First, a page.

Global network

Alex Broadbent

Founding Director of the Institute for the Future of Knowledge, Professor of Philosophy, and Associate Member of the African Centre for Epistemology and Philosophy of Science at the University of Johannesburg. His research is in the philosophy of epidemiology, medicine, and causation, and he is Editor in Chief of the journal Philosophy of Medicine. Outside university life, he engages in consultancy, advocacy and policy work related to public health and uses of science in legal contexts.

Alex Murray

Alex is a sports podiatrist, strength and conditioning coach and educator based in Canberra, Australia. In addition to his clinical roles, he is Director of Podiatry Systems and produces professional education resources for Podiatrists and Allied Health professionals, including a course in collaboration with CauseHealth. He has a special interest in complexity science and how this influences clinical decision making and outcomes.

Andrea Celso

Orthopaedic Manipulative Physical Therapist (OMPT) with Master degrees in Rehabilitation Science from the University of Udine and in Rehabilitation of Musculoskeletal Disorders from the University of Genua. Under a biopsychosocial umbrella, Andrea’s patient-centered skills are heading towards an extensive and careful assessment of patients affected by painful musculoskeletal disorders, as well as people suffering from different neurological diseases in hospital out-patient and in-patient settings.

Andrew Eccles

Social scientist in the School of Social Work and Social Policy at the University of Strathclyde. His interests are in policy making, policy implementation, and ethical issues arising from the use of digital technologies and self-management in health and social care. He has led research projects on inter-professional working, and on self-managed care, and is currently in a multidisciplinary team across five UK universities, funded by EPSRC/MRC, designing novel self-managed health technologies. He is a Fellow of the RSA.

Anna Marie Nicolaysen

Researcher in Agroecology at the Norwegian University of Life Sciences and a medical anthropologist by training. Her research includes studies of mental health services in the U.S., political and socioeconomic forces affecting food aid in Ecuador, and HIV prevention among injection drug users as an associate research scientist with the Hispanic Health Council in Hartford, CT. She edited The Aids & Anthropology Bulletin whilst a member of the Aids and Anthropology Research Group of the American Anthropological Association.

Anne Bremer

Researcher at the Centre for the Study of the Sciences and the Humanities (SVT) at the University of Bergen. Her field is Science and Technology Studies, and she has been working on the ethical, legal and social aspects of cancer biomarkers at the Centre for Cancer Biomarkers since 2014. She is currently leading the AFINO Research School on Responsible Research and Innovation (RRI), and she is involved in the SeMPER-Arctic project where she reflects on how care and responsibility is introduced in narrative research in the Arctic.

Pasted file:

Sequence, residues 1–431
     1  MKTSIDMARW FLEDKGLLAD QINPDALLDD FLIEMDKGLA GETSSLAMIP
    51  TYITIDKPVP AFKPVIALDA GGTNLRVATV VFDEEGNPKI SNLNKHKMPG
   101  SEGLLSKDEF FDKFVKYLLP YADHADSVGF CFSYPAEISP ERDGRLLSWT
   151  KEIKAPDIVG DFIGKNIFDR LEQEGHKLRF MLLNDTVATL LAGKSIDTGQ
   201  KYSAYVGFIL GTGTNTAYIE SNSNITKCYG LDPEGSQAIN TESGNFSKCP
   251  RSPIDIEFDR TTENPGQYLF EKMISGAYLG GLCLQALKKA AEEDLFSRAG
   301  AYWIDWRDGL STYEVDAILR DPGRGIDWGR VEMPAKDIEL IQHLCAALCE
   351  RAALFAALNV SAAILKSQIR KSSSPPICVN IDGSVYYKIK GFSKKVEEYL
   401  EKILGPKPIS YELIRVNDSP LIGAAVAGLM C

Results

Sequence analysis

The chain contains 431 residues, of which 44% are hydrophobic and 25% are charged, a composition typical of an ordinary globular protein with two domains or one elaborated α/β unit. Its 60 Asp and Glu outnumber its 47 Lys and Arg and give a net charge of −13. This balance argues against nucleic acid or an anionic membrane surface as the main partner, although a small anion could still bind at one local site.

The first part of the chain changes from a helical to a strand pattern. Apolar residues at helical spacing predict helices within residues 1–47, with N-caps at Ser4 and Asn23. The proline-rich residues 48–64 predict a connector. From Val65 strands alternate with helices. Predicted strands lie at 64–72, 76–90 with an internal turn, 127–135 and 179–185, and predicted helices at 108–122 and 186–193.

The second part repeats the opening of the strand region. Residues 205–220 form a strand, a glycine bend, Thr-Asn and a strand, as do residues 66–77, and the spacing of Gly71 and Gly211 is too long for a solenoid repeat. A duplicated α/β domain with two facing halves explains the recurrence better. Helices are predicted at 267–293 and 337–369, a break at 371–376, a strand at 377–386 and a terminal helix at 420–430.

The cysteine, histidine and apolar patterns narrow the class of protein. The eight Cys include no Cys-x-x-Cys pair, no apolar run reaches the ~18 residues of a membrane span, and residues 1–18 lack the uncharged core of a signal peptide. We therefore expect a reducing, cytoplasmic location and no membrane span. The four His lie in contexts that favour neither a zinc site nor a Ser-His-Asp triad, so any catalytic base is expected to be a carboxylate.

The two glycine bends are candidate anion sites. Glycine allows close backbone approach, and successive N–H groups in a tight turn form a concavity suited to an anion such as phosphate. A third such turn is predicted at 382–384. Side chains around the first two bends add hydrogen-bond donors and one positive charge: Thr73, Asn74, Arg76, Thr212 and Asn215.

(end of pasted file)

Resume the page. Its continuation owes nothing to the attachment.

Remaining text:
Are Dragland

Physiotherapist in an ambulating rehabilitation team (ART) at Finnmarkssykehuset (Finnmark hospital) for more than 20 years, with Master degree in clinical neurological physical therapy. He is interested in person centred care, and in understanding more about the philosophical rationality behind the way healthcare is practised.

Ashley Kennedy

Associate Professor of Philosophy in the Honors College of Florida Atlantic University. She holds a BA in astronomy and physics and a PhD in philosophy from the University of Virginia. Ashley works in the areas of Philosophy of Medicine, Global Justice, and Biomedical Ethics. Her manuscript Diagnosis (Oxford University Press) will be in print in July 2021. She has published in ​Journal of Global Ethics, Bioethics, Studies in History and Philosophy of Science, British Medical Journal, Journal of Medicine and Philosophy, and Journal of Evaluation in Clinical Practice.

Bjørn Hofmann

Professor at the Norwegian University of Science and Technology at Gjøvik and an Adjunct Professor at the Centre for Medical Ethics at the University of Oslo. He holds a PhD in philosophy of medicine and is trained both in the natural sciences and in the humanities. His main research interests are philosophy of medicine, philosophy of science, technology assessment, and bioethics.

Carlo Martini

Associate Professor at Vita-Salute San Raffaele University in Milan and Adjunct Professor at the University of Helsinki. Carlo is a philosopher and epistemologist of science interested in the interaction between the sciences and the policy-making sector. His most recent work revolves around the concept of expertise, trust in experts and the problem of scientific disinformation.